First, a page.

“Something happened when they pushed me to the ground and put a gun to my head.” That quote is from Valerie Corral, a critical actor in the medical-marijuana movement. She was talking about the DEA raiding her garden and home in 2002. It was the third such raid she and her then-husband Mike Corral had suffered at the hands of law enforcement in a 10-year span, and it is her response to this act, as well as other pivotal work, puts her on my Cannabis Luminaries list.
Corral became interested in medical cannabis in the mid-1970s while recovering from a strange car accident in the Nevada desert. While she was driving on a lonesome stretch of road outside Reno, Nev., a small prop plane came out of the sky, bumping the roof of Corral’s Volkswagen and sending it careening end over end through rocks and brush. Her tiny 5-foot frame was knocked violently around the inside of the vehicle, leaving her with brain damage and epilepsy. Both conditions caused crippling migraines, blackouts, convulsions, and grand mal seizures. She was only 20 years old.
By 1975, Corral was completely addicted to painkillers and living in a fog. It was Mike who suggested trying pot. Within two years of beginning regular cannabis use, Corral was seizure-free.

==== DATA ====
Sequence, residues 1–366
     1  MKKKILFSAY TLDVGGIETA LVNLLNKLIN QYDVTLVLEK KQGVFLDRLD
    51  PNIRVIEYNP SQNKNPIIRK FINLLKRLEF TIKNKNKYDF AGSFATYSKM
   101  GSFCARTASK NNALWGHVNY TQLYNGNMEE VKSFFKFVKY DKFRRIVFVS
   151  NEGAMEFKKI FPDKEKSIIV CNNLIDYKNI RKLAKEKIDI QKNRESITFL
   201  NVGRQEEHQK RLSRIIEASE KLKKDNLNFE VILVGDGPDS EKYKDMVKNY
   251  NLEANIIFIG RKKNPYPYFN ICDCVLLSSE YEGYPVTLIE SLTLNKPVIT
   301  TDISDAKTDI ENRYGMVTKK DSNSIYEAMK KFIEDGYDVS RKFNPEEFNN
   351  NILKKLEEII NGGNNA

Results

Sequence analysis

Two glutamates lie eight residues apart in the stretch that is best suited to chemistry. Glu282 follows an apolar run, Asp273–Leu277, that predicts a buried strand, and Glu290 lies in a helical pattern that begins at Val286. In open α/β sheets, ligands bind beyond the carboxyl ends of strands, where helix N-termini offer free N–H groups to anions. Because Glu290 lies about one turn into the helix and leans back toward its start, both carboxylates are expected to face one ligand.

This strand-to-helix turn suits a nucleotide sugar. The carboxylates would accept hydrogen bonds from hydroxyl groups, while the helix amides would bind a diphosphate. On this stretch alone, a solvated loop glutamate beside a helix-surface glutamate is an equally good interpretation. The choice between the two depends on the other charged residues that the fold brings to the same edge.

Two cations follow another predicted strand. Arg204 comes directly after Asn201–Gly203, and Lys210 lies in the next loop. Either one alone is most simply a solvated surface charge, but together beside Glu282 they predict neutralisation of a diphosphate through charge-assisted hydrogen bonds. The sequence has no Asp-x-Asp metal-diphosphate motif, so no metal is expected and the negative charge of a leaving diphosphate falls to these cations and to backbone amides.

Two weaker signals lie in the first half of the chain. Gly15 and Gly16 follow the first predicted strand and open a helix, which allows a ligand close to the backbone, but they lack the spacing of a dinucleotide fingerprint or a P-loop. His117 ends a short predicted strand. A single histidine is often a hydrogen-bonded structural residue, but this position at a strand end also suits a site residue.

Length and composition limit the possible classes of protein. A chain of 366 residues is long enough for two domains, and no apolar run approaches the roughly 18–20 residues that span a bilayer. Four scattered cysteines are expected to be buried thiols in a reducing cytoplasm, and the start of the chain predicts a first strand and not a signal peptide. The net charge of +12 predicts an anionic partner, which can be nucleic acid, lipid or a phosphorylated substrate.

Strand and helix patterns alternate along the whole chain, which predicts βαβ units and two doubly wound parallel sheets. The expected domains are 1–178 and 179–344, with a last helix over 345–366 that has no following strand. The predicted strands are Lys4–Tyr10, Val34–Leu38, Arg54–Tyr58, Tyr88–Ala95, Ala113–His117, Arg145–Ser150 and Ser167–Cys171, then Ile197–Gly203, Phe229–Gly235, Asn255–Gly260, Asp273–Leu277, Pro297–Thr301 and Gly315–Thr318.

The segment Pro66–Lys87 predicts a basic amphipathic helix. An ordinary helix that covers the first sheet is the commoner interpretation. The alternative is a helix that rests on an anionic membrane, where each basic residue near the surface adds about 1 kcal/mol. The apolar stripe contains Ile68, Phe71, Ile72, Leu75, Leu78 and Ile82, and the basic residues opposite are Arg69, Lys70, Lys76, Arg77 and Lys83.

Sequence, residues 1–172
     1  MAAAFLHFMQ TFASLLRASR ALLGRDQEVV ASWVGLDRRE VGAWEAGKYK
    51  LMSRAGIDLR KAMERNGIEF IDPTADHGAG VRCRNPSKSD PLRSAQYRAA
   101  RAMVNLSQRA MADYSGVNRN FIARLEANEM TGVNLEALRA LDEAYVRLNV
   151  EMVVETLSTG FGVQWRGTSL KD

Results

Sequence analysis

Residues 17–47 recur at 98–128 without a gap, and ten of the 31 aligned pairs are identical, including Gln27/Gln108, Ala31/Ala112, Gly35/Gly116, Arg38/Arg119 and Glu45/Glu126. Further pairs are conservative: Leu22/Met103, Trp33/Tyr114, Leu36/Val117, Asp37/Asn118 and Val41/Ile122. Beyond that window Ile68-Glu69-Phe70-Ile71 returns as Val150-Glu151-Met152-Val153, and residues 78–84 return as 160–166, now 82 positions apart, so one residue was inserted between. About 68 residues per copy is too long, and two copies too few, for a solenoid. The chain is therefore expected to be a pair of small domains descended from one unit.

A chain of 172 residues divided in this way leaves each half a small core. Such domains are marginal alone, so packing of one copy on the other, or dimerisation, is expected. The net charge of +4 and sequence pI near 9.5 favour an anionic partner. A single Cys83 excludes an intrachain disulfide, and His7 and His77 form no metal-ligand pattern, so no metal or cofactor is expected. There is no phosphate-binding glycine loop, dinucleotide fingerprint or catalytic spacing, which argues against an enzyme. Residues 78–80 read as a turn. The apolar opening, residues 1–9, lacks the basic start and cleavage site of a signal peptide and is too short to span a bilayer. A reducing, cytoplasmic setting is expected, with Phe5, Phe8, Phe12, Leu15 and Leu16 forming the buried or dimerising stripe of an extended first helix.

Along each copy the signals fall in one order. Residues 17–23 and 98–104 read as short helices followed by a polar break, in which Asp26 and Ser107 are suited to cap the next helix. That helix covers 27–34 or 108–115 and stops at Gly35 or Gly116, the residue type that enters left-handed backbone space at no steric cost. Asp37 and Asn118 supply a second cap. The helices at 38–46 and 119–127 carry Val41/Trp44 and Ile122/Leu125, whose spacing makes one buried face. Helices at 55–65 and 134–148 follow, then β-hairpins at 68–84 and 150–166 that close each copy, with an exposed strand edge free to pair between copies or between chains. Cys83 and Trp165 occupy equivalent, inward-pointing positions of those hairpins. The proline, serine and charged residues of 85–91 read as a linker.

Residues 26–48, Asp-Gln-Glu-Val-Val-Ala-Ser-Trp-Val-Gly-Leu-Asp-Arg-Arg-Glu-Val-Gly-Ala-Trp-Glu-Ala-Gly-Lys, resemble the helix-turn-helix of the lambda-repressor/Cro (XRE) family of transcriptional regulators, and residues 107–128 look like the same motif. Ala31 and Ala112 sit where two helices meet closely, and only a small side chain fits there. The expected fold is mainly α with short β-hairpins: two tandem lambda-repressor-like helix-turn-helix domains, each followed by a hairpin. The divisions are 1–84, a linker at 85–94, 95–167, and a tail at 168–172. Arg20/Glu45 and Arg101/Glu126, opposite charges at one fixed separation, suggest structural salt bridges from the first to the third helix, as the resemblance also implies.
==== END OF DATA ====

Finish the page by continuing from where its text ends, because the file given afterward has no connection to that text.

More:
The duo bought a bit of land in the Santa Cruz mountains with money Corral had received from the accident settlement, and began growing weed. Soon she was passing it out to folks she knew who were going through the ordeal of cancer.
The Corrals lived happily for a decade, tending their weed garden and helping friends. In 1992 they were arrested on two separate occasions for cultivating cannabis. Both times the charges were dropped. By the end of the year, the Corrals had become active political advocates for medical marijuana, and in 1993 started the nonprofit group Wo/Men’s Alliance for Medical Marijuana, the first legally recognized nonprofit medical-cannabis group in America.
In 1996, Corral worked with Dennis Peron, Mary Jane Rathbun, and others to create California Prop 215, ushering in a national conversation around medicinal-cannabis regulation. Santa Cruz deputized the couple to aid them further in their cause and offer some level of legal protection.
However, that protection did not reach to the federal level. In 2002 the DEA raided their home, destroying 150 medicinal plants. The government never charged the Corrals with anything, and a few weeks later, WAMM was back at it, passing out medicine at Santa Cruz City Hall.
In 2003, as a sign of solidarity, the City of Santa Cruz and the ACLU helped WAMM sue the federal government for the 2002 raid. In 2008 a judge ruled in favor of WAMM, stating that “much as the federal government may prefer that California keep medical-marijuana illegal, it cannot force the state to do so.”
WAMM, now in its 25th year, provides donation-based organic cannabis, related products, and hospice care to terminally ill patients, bringing together patients, care providers, and supporters. Corral personally has been present for nearly all 250 deaths the group has seen in its quarter-century of existence, though the group has seen hundreds of inspiring recoveries as well.
“You have a car accident and you think you get a brain trauma out of it,” Valerie said in a 2001 interview, “and instead it becomes this wonderful opportunity to meet people at the most crucial time in their lives.”